NEXT: Discussion and Outcome of the Case

Discussion. Approximately 12 in 100,000 US children and adolescents have T2DM,1,2 and the incidence is increasing. African Americans, Hispanics, Asian/Pacific Islanders and American Indians are at increased risk of developing T2DM.1,3

Most children with T2DM are obese and can present with polyuria, polydipsia, glucosuria, hypertension, dyslipidemia, acanthosis nigricans, and/or metabolic syndrome.1,4 Facial nerve palsy, however, is not part of the typical T2DM presentation in children and appears 2 to 4 times less frequently in children than in adults.5,6

Bell palsy is an acute, often idiopathic, lower motor neuron peripheral palsy of cranial nerve VII. It accounts for approximately 40% to 70% of facial nerve palsy cases (Figures 1 and 2). The estimated annual incidence of Bell palsy is 6.1 cases per 100,000 in individuals between 1 and 15 years of age.7,8

Bell palsy
Figure 1. Bell palsy in a 22-month-old boy. From: Janjua HS, Ayoob R, Spencer JD. Hypertension in a boy with Bell palsy. Consultant for Pediatricians. 2011;10(6):203-206.

Bell palsy
Figure 2. Bell palsy in a 7-year-old girl. From: Tadphale S, Butterfield R. What is the cause of this child’s facial asymmetry? Consultant for Pediatricians. 2012;11(1):III.

Research in the adult population with diabetes shows a correlation between poor glycemic control and the development of Bell palsy. The more elevated the glycated hemoglobin level, the more severe the facial nerve palsy.9 While age is a major risk factor for developing Bell palsy, diabetes has also been identified as an independent risk factor that is present in more than 10% of adults with Bell palsy.10,11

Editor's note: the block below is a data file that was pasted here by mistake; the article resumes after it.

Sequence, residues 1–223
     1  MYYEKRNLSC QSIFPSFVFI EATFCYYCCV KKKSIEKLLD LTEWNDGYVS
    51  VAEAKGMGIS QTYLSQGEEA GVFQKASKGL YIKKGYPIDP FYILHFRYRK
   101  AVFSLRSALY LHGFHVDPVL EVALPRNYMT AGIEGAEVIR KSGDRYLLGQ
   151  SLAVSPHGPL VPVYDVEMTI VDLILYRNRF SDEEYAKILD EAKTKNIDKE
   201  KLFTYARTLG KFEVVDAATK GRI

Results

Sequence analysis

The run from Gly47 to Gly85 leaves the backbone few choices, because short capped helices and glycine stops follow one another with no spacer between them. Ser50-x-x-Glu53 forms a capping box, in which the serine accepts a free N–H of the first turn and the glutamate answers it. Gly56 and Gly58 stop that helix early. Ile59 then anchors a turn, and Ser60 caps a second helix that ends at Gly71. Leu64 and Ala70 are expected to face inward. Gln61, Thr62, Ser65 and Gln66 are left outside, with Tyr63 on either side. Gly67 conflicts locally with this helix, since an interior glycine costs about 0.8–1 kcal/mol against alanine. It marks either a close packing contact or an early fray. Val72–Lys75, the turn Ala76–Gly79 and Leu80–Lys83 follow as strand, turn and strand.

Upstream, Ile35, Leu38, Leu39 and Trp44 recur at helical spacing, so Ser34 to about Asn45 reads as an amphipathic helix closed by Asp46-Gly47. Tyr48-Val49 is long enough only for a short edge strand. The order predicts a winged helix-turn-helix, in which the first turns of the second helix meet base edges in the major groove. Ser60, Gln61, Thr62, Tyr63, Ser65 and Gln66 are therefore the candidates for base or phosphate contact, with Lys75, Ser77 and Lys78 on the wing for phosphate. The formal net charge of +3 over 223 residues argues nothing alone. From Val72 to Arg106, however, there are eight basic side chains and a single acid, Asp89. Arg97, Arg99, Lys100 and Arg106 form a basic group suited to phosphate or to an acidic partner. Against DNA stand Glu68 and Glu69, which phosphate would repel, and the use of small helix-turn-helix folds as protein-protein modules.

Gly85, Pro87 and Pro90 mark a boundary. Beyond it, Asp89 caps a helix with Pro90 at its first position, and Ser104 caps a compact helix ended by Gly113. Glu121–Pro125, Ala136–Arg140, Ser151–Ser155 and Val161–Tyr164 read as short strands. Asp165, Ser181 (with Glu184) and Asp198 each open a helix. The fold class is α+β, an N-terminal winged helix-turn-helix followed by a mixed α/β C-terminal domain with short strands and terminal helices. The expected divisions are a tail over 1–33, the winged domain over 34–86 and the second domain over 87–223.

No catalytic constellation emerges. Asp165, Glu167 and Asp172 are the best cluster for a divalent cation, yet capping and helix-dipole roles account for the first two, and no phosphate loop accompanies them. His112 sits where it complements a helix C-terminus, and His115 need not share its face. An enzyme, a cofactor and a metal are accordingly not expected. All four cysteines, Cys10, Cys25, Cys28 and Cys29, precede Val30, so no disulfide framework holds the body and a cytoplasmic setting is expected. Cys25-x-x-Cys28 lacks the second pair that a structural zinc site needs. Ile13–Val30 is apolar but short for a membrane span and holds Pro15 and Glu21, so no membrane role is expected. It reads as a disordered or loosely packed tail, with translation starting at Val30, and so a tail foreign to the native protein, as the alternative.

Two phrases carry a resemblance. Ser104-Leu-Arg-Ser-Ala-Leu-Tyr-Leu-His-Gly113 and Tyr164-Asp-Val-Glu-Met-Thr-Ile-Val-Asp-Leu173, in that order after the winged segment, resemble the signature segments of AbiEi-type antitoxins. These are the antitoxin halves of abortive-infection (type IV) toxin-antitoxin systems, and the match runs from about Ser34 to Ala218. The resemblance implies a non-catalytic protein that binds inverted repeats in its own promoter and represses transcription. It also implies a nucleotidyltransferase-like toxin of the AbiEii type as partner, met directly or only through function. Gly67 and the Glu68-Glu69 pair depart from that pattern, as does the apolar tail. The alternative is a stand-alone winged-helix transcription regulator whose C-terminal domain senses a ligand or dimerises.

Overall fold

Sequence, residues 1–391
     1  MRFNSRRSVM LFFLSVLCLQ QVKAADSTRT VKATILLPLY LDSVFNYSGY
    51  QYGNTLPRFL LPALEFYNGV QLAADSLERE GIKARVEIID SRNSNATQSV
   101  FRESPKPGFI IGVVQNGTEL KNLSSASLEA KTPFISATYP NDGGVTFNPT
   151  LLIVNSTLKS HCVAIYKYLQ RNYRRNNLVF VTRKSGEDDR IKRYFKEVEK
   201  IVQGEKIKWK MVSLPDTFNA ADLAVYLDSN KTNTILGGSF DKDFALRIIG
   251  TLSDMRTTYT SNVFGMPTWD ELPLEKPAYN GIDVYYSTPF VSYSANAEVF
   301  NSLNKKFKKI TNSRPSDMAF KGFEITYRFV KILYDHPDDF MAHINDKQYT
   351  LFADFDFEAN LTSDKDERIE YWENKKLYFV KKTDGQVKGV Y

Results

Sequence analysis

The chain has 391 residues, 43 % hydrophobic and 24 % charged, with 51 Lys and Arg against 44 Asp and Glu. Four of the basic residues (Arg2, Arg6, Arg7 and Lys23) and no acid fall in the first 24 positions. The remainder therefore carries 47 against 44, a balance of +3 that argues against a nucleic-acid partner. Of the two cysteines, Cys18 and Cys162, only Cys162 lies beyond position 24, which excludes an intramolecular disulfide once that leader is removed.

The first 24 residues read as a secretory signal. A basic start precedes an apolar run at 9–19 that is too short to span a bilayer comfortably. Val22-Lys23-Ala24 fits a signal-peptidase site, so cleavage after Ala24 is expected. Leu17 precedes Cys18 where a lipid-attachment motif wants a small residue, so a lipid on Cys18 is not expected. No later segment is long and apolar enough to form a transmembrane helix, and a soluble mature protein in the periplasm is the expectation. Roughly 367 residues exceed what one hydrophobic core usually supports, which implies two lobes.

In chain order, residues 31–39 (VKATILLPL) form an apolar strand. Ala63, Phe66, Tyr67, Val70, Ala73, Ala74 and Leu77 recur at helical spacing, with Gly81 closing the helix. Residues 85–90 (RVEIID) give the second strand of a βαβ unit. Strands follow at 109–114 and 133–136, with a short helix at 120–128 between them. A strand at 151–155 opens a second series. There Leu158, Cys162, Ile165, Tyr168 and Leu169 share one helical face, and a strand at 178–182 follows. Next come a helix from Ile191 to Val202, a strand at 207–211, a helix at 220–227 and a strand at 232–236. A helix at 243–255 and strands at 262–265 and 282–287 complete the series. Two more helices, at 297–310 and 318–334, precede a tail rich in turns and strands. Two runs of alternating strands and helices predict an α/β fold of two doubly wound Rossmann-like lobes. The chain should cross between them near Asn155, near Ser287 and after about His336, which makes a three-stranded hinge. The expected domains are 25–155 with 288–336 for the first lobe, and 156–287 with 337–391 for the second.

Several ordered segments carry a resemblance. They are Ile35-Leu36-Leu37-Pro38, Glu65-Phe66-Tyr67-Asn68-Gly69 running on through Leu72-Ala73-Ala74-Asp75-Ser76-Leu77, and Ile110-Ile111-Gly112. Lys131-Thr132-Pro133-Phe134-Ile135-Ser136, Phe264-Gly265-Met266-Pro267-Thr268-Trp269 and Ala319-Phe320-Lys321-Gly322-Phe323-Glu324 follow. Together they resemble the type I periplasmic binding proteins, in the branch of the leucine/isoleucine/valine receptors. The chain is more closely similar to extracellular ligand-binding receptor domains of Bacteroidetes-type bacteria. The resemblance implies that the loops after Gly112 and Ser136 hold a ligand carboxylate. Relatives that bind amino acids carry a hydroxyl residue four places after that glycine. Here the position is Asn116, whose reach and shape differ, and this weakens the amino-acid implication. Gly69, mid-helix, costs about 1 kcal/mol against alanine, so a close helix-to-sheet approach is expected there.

Short-term improvements in glycemic control have been shown to have a restorative effect in facial nerve palsy, and glycemic control can prevent facial nerve palsy in adult patients with diabetes.9

To date, only 1 other published case report has identified an adolescent with Bell palsy and concurrent new-onset diabetes.12 The patient was treated with corticosteroids and metformin, and the authors hypothesized that the known relationship between diabetes and Bell palsy in adults could extend to the pediatric population. However, treatment with corticosteroids in all children with Bell palsy remains controversial. A randomized controlled study in children with Bell palsy found a recovery rate of 80% to 90% in the first 6 months and 100% by 1 year irrespective of treatment with corticosteroids.13 Facial nerve palsy outcomes appear to be more favorable in children compared with adults, with almost complete recovery within 6 months.6,14 Corticosteroid-induced hyperglycemia further supports avoiding corticosteroid treatment in persons with diabetes and Bell palsy.

Outcome of the case. The patient’s facial nerve palsy improved dramatically as his blood glucose level returned to normal. Prior to discharge on hospital day 3, he was able to puff out his cheeks, close his mouth, close his eyes, speak without stuttering or drooling, and smile with only slight facial asymmetry.